“You are a snowflake. No one is like you. You are a unique individual.”
Let me just call “bologna” on all that right now. This way of thinking is worldly, not biblical, and often leads to pride and loneliness. I mean, who can possibly relate to me if there is no one like me? I’m not suggesting that we aren’t “special.” I tell my kids they are “special,” but not because they are unique, but because they, like everyone else, is made in the image of God. We actually are all the same in more ways than one, and our commonality is the key to Paul’s message.
One of Paul’s favorite phrases is “in Christ.” It means that we are united with Jesus, and our union with Him obtains for us a lot of royal privileges. We are at peace with the Father (vs. 16). We have been invited into the presence of God. We can draw near to Him whenever and wherever we want. (vs 18). In Jesus we are now members of His family (vs. 19) and rightful heirs to an everlasting inheritance (Eph. 1:5,11).
What I want to focus on is how this union with Jesus should result in unity among believers. Remember high school? Think about all the different cliques, and how, depending on which group you belonged to, you were considered cool or not so cool. I’ll admit that I did not belong to the cool group, though I always pined to be “one of them.” People who were different were made fun off, ignored, or even bullied. Sadly some of this behavior is also found within the church. You’ve got the homeschool group vs. the non homeschooling group, nursing vs. bottle feeding, big church vs. small church, large families vs. small families, homemade bread vs. store bought… we are quick to pick sides and pick a fight.
The truth is that where it counts, we are actually all the same. Before we were saved we were no different than the guy on death row. We all had hearts overflowing with sin and deserving of death, and yet we were all lovingly rescued by the Prince of Peace. We now have the same Father, the same acceptance, the same Holy Spirit and the same eternal inheritance. God does not love one of His children more than another and no matter how annoying we can sometimes be He does not play favorites. In Gal. 3:28 Paul says, “There is neither Jew nor Greek, there is neither slave nor free, there is no male and female, for you are all one in Christ Jesus.”
Our common salvation should lead us to stop some things and start others.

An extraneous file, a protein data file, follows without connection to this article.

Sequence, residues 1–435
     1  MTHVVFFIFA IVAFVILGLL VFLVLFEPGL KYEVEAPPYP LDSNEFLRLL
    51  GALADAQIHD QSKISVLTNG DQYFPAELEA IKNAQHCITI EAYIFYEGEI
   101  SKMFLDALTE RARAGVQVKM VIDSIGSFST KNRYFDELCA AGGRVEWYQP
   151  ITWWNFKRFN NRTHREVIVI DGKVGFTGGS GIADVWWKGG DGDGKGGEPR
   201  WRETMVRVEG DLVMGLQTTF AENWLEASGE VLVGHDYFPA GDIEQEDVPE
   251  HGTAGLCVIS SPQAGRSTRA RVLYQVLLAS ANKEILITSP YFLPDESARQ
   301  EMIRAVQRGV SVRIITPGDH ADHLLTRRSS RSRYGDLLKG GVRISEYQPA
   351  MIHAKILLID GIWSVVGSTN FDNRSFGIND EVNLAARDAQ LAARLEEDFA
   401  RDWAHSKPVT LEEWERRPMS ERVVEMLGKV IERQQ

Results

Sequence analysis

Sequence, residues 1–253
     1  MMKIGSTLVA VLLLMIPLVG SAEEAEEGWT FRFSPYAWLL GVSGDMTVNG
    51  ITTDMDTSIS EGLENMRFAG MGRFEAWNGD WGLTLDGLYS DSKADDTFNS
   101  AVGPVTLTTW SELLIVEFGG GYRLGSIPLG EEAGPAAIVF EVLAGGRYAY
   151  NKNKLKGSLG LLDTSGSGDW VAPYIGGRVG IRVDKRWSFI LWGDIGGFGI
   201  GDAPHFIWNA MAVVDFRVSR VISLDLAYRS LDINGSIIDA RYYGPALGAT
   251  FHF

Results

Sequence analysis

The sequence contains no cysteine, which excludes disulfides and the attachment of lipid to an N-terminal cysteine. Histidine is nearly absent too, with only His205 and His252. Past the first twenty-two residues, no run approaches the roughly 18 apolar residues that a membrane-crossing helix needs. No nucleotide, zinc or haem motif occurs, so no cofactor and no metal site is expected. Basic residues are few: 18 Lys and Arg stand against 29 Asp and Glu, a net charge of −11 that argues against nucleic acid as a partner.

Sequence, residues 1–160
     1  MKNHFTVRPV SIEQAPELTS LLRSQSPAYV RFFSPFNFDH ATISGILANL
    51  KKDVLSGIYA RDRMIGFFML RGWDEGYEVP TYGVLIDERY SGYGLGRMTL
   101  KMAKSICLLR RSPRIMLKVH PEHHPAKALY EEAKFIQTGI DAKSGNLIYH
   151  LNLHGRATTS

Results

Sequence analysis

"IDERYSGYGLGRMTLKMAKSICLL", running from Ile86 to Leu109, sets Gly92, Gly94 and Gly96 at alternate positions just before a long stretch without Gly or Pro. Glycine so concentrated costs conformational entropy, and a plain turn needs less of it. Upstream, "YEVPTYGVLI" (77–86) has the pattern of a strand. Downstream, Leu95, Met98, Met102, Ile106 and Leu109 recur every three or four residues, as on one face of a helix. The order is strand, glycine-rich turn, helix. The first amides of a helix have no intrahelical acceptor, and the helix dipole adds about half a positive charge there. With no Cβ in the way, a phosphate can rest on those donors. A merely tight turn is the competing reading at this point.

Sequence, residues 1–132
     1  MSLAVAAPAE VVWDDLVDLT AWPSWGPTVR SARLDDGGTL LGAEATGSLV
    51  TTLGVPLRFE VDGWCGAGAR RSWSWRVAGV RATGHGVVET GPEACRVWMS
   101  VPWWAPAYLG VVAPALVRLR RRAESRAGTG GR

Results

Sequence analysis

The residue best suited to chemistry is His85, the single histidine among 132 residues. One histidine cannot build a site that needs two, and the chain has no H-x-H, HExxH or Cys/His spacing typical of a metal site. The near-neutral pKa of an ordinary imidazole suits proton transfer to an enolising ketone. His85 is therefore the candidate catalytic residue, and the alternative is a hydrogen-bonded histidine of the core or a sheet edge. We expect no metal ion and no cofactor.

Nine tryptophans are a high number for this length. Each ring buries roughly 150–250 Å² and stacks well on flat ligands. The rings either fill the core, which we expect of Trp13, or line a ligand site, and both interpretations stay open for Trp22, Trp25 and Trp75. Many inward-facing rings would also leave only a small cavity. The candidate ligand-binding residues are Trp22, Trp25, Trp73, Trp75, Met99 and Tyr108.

Because we are one in Christ we must:
1. STOP showing favoritism (James 2:1-13)
Since God does not play favorites, neither should we. Sure there will be some people we click with more than others, but we should truly love one another, extending the same kindness, courtesy and generosity as we would to our dearest friend. We must do this for even our differences are overshadowed by our spiritual unity in Jesus.
2. STOP being judgmental
If we were to take the time to get to know people who we think are not like us we would begin to realize that we actually have a lot in common. We all struggle with common sins, fears, and temptations (1 Cor. 10:13). More importantly, we share a common Lord and love for Him. This should move us to stop harsh, unrighteous judgement especially in trivial matters.
3. STOP thinking you are better (Phil 2:3, 4)
We are called to lay our lives down for others. To think of them as better than ourselves. This is impossible if we don’t see how similar we all are. Our sameness kills pride and produces humility. No one is good at everything. In the areas where we excel another might struggle and where we struggle some one else excels. We need to be cheering each other on to godliness. Wherever you excel, serve others. Where others excel, let them serve you.
But we can’t just stop some things without also starting other things. Let me offer three brief words.
1. Change your thinking
Our theology is the starting point. Keep in mind 1) everyone is created in the image of God and therefore has value, 2) everyone is a sinner in need of a Savior, and 3) in the Kingdom we are all adopted into one family.
2. Reach out to those who are different
Invite people into your life who are not a part of your “group.” This is what God has done for us in Christ, and He calls us to do the same.
3. Be a good friend
Being a part of a family doesn’t always mean happy, smiley faces and sugar sweet words. We must also hold each other accountable. We need to speak truth into each others lives in order to help build each other up in godliness (Prov. 27:6). Of course for this to work we need to be willing to receive correction ourselves. This is what friendship looks like. We are fighting the same enemy and serving the same King together.
Our commonality should lead to unity. Our diversity should serve the body and our Savior is what makes us special. In all of this we find comfort because in the end we are all the same.
Looking to Jesus,